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How to flexibly earn income during ‘void’ tenancy periods

With the property market in a state of flux, even the traditional rental market appears to be cooling a little, particularly at the high end of the market. With that in mind, 2019 needs to be the year that landlords are more creative with their portfolios and make sure that they’re not faced with any unnecessary void periods or cash flow headaches, particularly with the upcoming tax changes hitting.

Landlords have a perfect storm against them and the forward thinking amongst them will be the most successful at weathering it.

The rise in popularity of home stays through the likes of Airbnb and others means that the ‘super’ short let market is becoming an increasingly attractive option for landlords. There’s a very sound reason behind this: The seasonality of the short let rental market complements that of long lets. They’re both cyclical in nature and they work well at opposite times.

The long-let market typically quietens down during the summer period or over Christmas, and yet this coincides with the peak seasons for short-lets.

This type of short-let, letting homes out to holiday makers, is usually for a duration of 7-14 nights, but can be as long as three months.

This opportunity can be extremely lucrative for landlords. The gross rental price for short lets can be higher per night than that of a long let and even when you work with professional short-let providers, your net income will typically be similar amount to long-letting, providing you the peace of mind that you can hold out for the right offer from a tenant without painful voids.

Top tips for landlords considering short-lets:

Before landlords venture down the short-let route, it’s wise to think about the key considerations and what is different. If you’re tempted to do this, let’s look at the main areas that you need to consider:

Firstly, short-letting falls into the hospitality sector. Why? These guests are opting to stay in a home rather than a hotel. This means that they will expect a certain standard of home and they expect issues to be resolved immediately. They’ll want the comforts that come with a hotel room and the service as well. 

As a landlord, you can either opt to manageshort lets on your own or use a specialist in this field. If you go it alone, you’ll need to take photos of the property yourself, advertise your home and handle the bookings and you’ll need to make sure you have specialist insurance to cover your property and the building as well.

If you choose an agent everything is taken care of from professional cleaning of your property, vetting and checking-in of your guests and of course the most comprehensive insurance on the market.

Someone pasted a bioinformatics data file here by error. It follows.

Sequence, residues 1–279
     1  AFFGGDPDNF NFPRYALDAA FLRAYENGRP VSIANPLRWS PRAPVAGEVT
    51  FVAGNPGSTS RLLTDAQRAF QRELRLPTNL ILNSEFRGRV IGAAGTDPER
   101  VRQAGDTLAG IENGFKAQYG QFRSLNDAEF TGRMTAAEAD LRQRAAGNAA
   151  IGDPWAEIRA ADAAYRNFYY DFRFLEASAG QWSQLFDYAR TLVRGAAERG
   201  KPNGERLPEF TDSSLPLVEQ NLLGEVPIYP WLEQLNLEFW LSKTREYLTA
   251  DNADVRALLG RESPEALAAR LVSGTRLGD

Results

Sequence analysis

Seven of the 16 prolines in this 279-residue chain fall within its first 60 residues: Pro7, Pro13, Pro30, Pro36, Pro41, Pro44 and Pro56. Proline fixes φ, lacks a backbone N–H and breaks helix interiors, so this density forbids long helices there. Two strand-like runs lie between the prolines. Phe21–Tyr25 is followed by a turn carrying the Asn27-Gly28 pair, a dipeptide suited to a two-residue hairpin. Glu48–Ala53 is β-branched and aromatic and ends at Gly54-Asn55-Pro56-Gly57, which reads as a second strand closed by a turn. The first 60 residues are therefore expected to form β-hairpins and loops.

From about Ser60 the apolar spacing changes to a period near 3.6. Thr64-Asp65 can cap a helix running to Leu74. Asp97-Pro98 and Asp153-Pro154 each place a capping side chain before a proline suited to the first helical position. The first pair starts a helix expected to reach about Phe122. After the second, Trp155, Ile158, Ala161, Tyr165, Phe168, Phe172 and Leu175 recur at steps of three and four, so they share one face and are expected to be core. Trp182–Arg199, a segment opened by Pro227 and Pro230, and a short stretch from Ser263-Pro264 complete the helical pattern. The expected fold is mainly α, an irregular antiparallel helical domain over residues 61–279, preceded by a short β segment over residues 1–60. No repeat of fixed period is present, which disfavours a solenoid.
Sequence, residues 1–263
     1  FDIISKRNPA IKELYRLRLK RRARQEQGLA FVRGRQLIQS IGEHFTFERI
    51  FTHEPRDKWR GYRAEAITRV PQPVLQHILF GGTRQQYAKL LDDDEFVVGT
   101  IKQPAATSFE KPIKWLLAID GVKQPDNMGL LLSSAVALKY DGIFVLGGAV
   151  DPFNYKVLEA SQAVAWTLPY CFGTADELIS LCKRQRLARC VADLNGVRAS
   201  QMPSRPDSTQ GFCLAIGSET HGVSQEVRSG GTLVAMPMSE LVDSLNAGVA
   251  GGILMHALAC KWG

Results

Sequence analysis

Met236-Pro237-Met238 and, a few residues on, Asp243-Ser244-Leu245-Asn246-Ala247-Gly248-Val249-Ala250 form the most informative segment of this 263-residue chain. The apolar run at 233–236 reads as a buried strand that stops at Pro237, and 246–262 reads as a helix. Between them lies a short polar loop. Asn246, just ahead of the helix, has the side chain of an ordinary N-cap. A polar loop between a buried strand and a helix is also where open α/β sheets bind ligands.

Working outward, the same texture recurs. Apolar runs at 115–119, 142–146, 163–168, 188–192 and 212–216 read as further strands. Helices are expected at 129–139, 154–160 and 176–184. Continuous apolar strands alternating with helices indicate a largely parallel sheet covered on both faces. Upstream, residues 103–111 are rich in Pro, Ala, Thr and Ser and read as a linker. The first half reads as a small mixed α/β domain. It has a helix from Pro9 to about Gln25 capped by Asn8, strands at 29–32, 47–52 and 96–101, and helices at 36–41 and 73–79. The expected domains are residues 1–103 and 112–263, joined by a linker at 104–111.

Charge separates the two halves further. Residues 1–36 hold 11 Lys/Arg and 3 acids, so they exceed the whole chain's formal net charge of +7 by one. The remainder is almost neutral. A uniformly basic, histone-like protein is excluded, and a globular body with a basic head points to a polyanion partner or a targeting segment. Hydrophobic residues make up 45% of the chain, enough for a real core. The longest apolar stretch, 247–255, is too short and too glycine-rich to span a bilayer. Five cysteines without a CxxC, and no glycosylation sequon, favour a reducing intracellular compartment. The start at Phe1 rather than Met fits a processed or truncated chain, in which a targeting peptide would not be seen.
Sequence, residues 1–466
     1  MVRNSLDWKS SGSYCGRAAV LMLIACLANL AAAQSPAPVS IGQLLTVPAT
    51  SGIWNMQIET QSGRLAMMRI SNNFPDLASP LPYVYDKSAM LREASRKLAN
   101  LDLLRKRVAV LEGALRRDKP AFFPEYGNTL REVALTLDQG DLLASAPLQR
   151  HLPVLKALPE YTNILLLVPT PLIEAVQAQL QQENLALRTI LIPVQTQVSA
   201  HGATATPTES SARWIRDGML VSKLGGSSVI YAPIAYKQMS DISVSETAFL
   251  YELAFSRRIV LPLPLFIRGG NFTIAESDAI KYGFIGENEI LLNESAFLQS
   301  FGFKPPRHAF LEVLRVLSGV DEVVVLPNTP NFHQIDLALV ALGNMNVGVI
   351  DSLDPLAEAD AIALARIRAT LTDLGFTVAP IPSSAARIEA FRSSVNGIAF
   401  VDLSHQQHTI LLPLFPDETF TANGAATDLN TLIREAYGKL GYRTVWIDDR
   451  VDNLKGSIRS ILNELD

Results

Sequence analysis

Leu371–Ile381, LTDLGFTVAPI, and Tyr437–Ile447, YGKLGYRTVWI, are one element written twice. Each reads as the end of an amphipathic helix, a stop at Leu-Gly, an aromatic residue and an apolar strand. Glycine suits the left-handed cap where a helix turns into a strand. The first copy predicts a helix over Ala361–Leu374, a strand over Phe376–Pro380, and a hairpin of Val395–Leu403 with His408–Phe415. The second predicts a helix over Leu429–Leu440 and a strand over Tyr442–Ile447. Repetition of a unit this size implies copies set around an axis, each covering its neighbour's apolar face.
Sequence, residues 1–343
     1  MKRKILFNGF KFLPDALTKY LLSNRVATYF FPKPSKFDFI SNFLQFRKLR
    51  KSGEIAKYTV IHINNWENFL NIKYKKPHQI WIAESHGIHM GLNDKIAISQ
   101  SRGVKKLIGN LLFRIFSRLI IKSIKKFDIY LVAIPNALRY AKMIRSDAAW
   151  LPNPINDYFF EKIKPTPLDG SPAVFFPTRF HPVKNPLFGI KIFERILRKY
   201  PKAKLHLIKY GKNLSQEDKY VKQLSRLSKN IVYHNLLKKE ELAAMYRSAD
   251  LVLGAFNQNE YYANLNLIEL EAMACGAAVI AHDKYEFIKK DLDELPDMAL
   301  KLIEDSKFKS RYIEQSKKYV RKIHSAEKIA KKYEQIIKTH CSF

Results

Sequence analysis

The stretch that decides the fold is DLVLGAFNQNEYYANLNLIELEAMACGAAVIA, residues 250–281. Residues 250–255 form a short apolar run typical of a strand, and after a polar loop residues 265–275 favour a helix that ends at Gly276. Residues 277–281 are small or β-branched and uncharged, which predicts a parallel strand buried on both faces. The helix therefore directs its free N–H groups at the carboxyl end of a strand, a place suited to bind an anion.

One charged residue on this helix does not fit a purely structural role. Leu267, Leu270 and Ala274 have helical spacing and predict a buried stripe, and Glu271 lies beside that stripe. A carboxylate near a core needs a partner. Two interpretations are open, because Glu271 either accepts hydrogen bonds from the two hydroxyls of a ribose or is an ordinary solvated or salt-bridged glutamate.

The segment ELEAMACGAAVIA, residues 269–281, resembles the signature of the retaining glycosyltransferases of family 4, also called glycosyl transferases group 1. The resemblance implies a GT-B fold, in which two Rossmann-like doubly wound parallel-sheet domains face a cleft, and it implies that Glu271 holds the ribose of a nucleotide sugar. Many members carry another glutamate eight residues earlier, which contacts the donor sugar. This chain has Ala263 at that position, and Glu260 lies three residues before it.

A good idea is to make sure that the short let specialist you use is a member of the UK industry body STAA (Short Term Accommodation Association) who sets out clear guidelines and standards for looking after homeowners as well as guests.

Merilee Karr is the founder and CEO of UnderTheDoormat, a London-based short-term lettings provider.

Poll: Do you agree that the rise in popularity of home stays through the likes of Airbnb and others means that the ‘super’ short let market is becoming an increasingly attractive option for landlords?

PLACE YOUR VOTE BELOW

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    Personally I wouldn't be interested in short lets, most of my tenants stay a long time, I look after good tenants , a void can be use full for works to be carried out, but my void periods are normally less than a month.

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    The last void period I had was 6 months and the property was refurbished before the last let.
    How things differ in each locality.

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    Seems you are very unlucky in your area, here in east anglia we have a strong demand for rental properties, I am one of very few landlords around here that will consider pets which might give me an edge, but what will happen when I am no longer allowed to hold an extra deposit ? maybe I shall have to ask for an increased rent from tenants with a pet.

     
  • Vanessa Warwick

    This article fails to address some important points concerning this activity:

    1. If you have a BTL mortgage on your property, it would be a breach of T & C's to undertake short term lettings.

    2. If your property is leasehold, it is likely that this activity will be a breach of the T & C's of your lease and other leaseholders will complain about strangers coming and going and may report this to the freeholder.

    3. If you have standard single occupancy BTL insurance, then this would be voided by this activity.

    Letting out to "guests" as opposed to tenants comes with a whole new set of compliance issues and anyone contemplating this would be advised to understand these, along with the risks and pitfalls.

    Whilst the headline rates look attractive, digging down into the granular detail is always advised.

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    Still the returns are far superior to normal let’s i am diversifying into it definately

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